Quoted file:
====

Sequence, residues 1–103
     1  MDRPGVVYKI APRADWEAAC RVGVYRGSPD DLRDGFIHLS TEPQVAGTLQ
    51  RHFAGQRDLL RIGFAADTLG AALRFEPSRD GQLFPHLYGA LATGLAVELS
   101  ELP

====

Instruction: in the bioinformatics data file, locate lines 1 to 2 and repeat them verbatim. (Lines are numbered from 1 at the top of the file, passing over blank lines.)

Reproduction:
Sequence, residues 1–103
     1  MDRPGVVYKI APRADWEAAC RVGVYRGSPD DLRDGFIHLS TEPQVAGTLQ